Compose music

This article is an introduction for anyone who wants to learn more about composing music. An introduction must be treated for that it is: a beginner’s course; therefore, do not expect to learn all there is about composing.

A song usually consists of many things in which harmony, melody and lyrics (if it is not instrumental) are the main components.

Harmony

Harmony in music can be described in many ways. You could call it the mood or atmosphere of the song. A concrete example of harmony in music can be an instrument accompanying a singer. Whatever the ingredients are the harmony is collaborating with the melody.

Melody

The melody is often the most distinct part of a musical work. It is the melody you often remember from a song and maybe recapitulate afterwards by whistle it.

Combine harmony and melody

The order in which harmony and melody are created can vary among composers. The art of combining harmony and melody is done with talent, experience and some guidelines. This article cannot offer talent or experience, but it can give you basic guidelines.

Two fundamental elements in composing music are scales and chords. When creating a piece of music, the knowledge of scales is indeed helpful. Maybe you are sitting in front of a piano without a clue what keys to press down for making it sound alright?

The easiest way to start composing on the piano? Just play exclusively on the white keys!

Doing this, you are playing in the key of C Major, and therefore you do not hear any dissonance. You can use the white keys for both harmony and melody. Use your left hand for chords (this site focuses mainly on scales, if you want to discover more about chords use your search engine or visit Pianochord.org), and your right hand for the single notes.

Of course, this is a simple approach to composing, but it is a start.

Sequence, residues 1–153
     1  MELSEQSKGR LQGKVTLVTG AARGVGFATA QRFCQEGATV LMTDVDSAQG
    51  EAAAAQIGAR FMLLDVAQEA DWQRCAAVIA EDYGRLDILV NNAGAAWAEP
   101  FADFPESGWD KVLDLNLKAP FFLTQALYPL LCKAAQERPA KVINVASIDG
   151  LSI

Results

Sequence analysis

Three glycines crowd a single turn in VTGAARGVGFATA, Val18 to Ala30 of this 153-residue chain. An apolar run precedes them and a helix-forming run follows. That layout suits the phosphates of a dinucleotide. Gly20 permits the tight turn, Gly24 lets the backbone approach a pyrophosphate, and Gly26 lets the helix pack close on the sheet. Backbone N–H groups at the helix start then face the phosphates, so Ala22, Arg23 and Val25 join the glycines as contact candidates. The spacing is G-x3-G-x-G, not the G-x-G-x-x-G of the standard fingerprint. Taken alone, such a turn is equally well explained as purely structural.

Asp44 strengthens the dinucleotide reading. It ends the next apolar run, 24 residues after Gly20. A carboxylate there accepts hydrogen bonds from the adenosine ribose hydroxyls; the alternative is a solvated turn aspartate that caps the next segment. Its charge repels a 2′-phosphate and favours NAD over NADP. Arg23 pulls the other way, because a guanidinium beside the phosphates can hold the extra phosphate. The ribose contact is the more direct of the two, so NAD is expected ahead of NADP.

The song structure and related areas

When you are composing a song, it is often enough to stay in one or two keys throughout the song. A typical song starts in one key and stays in it, or, changes key somewhere in the song and most often return back to the original key before the end.

In popular music a typical song structure could be something like this:

  1. Intro
  2. Verse
  3. Chorus
  4. Verse
  5. Chorus
  6. Bridge
  7. Verse
  8. Chorus
  9. Outro

The verses approximately consist of three to six lines and usually with different lyrics. The choruses tend to use fewer lines and often repeats the same lyrics. Needless to say: the harmony and melody should both change going from verse to chorus.

So, you got a melody and need some harmony?

There is more than one way to create harmony; two common ways are counterpoints or chords. We are taking the easiest route and choose chords.

Once again, there is more than one way to add chords to a melody. Since this is only an introduction in music composition we are satisfied with two rules: 1) add chords in which the second or third note is the same as the melody note; 2) don’t add chords to every melody note, one or two in every bar are often advisable.

Concerning the motion: the harmony can be parallel or contrary to the melody line. To think about the motion in this way can be helpful.

Tonic, subdominant and dominant

Many songs include only three chords, and they are often the tonic, the subdominant and the dominant (see Theory - Scale Degrees for further information). The dominant chord has normally a minor seventh and it resolves well into the tonic. An example could look like C - F - G7 - C.

Ending it

When you reach the end of the song, a common method is to shorten the interval between chords. This accomplishes a breaking effect. The name often used for a chord sequence at the end of a phrase or song is cadence. One example of a cadence in C Major: C - G - F - C. A cadence in A Minor could be: Am - Dm - E7 - Am.

The Circle of fifths

Circle of fifths diagramWhen composing music, it serves you to have a visualization of the relationship between chords and scales.

A common visual way to present this is by the Circle of fifths. It is called so because every note is a perfect fifth away from the next. A composer knows, for example, that a D7 chord resolves into G, a G7 chord resolves to C.

The circle also shows the relative keys (major and minor). A Minor is, for example, relative to C Major. That means that you can play the same notes in A Minor as in C Major, but starting from the note of A (or expressed a little differently, use the A note as the tonic center). By doing so you get a somewhat melancholy sound. Compare major and minor scales and you will notice the contrasts and relationships.

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